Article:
‘Triple Rebounding’ Teaches Toughness

There is no time to rest … only time to react as rebounders constantly are coming and going in this fast-paced drill in which players need to grab the board and score


Rebounding is not for the faint of heart. While anyone can rebound, it takes special players who are committed to winning the wars in the paint and emerging with the point (and hopefully with some points if on the offensive end). This drill shows players how tough they need to be to succeed in this area of the game.


Divide your squad into three even teams (as shown by the green, blue and white jerseys in the diagrams). If you can’t divide into three even teams, then some players will need to go twice. Each team is positioned around the lane with one player from each team in the lane. You (or an assistant) has a ball outside of the lane.


You take a shot and aim to miss it to create a rebounding opportunity. On the shot, all three players in the lane need to start boxing out and trying to gain position based on the bounce of the ball [A]. The person who rebounds the ball now must try to score against two defenders. If the player scores (as shown my the white-jersey player), then that person runs outside the lane and a teammate immediately jumps into play [B]. Players fight for the ball, even when it goes through the net, and continue to do so until one team clears all its players of the drills (by grabbing rebounds and scoring) [C].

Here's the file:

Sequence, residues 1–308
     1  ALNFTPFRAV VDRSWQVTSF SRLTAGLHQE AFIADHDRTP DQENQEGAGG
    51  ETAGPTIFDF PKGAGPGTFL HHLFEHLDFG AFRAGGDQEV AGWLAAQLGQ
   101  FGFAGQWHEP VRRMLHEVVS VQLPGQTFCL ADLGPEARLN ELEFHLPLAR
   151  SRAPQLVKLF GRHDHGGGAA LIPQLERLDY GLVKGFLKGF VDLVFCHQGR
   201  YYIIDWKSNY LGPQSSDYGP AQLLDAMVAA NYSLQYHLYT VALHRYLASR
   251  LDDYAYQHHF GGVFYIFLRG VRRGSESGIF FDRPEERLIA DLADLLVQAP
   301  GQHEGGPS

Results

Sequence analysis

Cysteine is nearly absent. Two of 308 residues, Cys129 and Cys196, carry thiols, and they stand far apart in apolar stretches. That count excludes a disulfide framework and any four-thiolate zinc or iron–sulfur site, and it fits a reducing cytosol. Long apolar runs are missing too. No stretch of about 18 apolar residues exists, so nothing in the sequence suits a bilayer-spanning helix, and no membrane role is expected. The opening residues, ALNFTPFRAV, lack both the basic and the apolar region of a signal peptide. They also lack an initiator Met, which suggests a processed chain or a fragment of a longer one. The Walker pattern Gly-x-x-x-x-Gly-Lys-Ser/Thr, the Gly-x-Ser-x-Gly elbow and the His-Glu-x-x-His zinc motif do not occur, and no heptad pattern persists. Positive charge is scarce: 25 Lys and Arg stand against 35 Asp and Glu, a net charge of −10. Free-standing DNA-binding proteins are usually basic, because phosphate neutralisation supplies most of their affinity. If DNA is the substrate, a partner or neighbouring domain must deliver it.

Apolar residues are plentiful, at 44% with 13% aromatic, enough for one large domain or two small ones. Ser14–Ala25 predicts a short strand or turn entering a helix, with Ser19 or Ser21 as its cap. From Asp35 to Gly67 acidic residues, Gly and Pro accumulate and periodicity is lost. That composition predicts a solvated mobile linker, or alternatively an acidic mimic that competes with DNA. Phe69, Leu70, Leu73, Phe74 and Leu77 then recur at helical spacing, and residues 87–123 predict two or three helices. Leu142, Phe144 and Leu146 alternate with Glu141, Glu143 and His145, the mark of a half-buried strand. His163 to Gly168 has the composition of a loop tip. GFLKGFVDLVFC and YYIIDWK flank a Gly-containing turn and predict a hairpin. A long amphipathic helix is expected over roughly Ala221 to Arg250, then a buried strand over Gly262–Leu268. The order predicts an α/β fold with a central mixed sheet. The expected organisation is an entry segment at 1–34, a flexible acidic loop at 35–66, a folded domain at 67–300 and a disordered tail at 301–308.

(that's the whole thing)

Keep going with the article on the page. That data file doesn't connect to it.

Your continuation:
1. One player from each team is in the lane and the other teammates are spread alone the lane lines — if the ball bounces away from the three battling, the players outside the lane tap it back into play
2. You take a shot and intentionally miss — try to move around and create different rebounding angles so you aren’t giving an advantage to one team


3. Once a person grabs a rebound and scores, that player sprints out of the lane and assumes a spot on the lane line


4. The other two players who didn’t score continue to fight for the rebound and do not wait for the next player to enter the fray
5. The player entering the drill comes in quickly because waiting simply means someone else is grabbing the ball and scoring against not as much resistance


Encourage physical play but discourage fouling. If a player fouls another, then the fouling player must score twice before leaving the drill.

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